Cancer researchers and clinicians need to adopt a new attitude toward race classifications as interracial parentage in the United States continues to increase. “I want to uncouple race and genetics,” stated Edison Liu, MD, at the 1997 Biennial Symposium on Minorities, the Medically Underserved, and Cancer held in Washington, DC.
Cancer researchers and clinicians need to adopt a new attitude toward race classifications as interracial parentage in the United States continues to increase. I want to uncouple race and genetics, stated Edison Liu, MD, at the 1997 Biennial Symposium on Minorities, the Medically Underserved, and Cancer held in Washington, DC.
Dr. Liu, director of the Division of Clinical Sciences at the National Cancer Institute, stated that traditional racial categories do not accurately reflect genetic factors that could be crucial in breast cancer survival. In fact, cancer biomarkers show no differences along racial lines.
Psychosocial vs Genetic Considerations
Interracial parentage continually increases the number of Americans born of mixed racial heritage, and racial assignments and loyalties are starting to reflect psychosocial rather than genetic considerations. Cancer-related genes, therefore, will increasingly appear in individuals apparently outside a supposed target group.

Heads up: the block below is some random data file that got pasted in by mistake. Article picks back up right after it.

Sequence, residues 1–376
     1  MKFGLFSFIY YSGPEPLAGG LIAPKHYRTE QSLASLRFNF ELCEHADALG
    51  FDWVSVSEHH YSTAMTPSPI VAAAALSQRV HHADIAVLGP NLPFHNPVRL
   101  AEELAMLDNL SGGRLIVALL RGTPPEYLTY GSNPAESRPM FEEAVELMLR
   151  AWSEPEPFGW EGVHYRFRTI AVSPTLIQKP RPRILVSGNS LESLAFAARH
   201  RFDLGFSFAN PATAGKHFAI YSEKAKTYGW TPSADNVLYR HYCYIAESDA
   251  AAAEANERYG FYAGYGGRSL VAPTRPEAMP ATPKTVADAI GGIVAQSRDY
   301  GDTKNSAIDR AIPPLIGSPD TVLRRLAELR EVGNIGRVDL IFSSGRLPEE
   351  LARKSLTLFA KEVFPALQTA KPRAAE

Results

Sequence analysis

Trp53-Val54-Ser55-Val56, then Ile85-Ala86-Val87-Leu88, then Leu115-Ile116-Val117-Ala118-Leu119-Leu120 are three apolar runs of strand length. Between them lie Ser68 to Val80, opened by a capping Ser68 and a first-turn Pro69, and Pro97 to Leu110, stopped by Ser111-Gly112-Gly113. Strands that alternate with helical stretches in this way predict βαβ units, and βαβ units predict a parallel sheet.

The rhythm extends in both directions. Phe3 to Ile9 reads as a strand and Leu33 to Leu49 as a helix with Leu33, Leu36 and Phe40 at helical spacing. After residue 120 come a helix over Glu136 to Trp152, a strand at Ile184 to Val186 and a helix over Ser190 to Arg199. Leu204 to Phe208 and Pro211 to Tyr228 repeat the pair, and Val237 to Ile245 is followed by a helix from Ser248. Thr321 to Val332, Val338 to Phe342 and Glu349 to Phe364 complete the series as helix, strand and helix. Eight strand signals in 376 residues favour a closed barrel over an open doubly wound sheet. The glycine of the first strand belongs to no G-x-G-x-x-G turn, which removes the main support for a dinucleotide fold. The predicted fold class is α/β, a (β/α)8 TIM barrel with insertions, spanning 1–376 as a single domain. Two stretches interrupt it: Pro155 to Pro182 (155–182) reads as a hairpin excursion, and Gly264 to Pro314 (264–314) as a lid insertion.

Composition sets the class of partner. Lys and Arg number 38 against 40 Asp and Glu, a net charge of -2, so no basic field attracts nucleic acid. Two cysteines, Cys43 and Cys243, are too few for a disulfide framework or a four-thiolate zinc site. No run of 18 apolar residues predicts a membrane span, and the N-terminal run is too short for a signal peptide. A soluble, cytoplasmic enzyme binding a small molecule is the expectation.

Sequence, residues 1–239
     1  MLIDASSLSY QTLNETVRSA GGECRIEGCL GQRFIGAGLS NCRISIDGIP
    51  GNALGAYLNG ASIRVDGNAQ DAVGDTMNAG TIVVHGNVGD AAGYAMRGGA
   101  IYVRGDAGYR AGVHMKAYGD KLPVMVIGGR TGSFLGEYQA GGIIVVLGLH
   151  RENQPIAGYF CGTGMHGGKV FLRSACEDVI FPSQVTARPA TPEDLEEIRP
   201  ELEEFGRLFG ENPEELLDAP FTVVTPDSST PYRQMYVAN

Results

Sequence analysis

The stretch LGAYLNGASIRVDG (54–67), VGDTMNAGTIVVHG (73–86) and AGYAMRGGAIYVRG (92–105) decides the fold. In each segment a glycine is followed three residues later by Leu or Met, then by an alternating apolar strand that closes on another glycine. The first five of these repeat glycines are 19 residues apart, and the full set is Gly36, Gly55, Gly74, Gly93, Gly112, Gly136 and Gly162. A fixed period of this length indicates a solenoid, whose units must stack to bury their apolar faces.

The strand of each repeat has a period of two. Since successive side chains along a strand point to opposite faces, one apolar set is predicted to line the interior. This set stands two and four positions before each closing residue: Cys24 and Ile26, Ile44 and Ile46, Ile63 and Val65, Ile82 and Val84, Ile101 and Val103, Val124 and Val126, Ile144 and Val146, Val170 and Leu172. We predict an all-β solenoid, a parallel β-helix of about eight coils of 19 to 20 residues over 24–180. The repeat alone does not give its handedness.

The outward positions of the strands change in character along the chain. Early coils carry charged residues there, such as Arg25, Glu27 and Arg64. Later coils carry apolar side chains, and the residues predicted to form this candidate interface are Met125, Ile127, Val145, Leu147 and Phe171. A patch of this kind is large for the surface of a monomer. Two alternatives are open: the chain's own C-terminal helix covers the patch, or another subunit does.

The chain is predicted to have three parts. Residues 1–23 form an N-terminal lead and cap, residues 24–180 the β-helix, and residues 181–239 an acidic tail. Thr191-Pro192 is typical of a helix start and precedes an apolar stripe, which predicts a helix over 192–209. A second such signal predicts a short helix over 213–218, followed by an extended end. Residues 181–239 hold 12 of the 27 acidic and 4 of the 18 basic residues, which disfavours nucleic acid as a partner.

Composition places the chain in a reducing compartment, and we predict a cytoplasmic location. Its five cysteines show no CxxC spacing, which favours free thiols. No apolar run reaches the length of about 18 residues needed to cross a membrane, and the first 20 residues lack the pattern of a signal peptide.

For example, a woman who identifies herself as black but who has a Jewish grandparent may be as likely to carry a supposedly Ashkenazi Jewish mutation as a woman who identifies herself as white and Jewish. Neither womans racial identity will have any bearing on her prognosis. Knowledge of her ethnic background, however, may prove critical to appropriate selection of treatment strategies and, ultimately, her survival.
Social and Cultural Factors
The fact that black women currently experience higher breast cancer mortality than do white women, despite lower incidence, reflects social rather than strictly medical or genetic factors, Dr. Liu emphasized. There is no single race gene, and no selection for cancer in defining race, he said. Lower socioeconomic status, delayed detection, less than optimal treatment, and perhaps a culturally based reluctance to secure treatment appear to account for the black-white survival discrepancy, Liu stated. Data suggest that race has no effect on survival if tumors and treatments are equal; one must therefore conclude that many black women probably do not receive adequate treatment, he said.
Race should be considered a surrogate for socioeconomic group membership and be used to uncover socioeconomic factors that may affect cancer incidence or treatment, Dr. Liu urged. Clinical trials often lack the statistical power to uncover population differences in minority groups, he added. For that reason, blacks and other minorities should be oversampled. Receiving adequate care is the key to optimizing survival in all racial and ethnic groups, he concluded.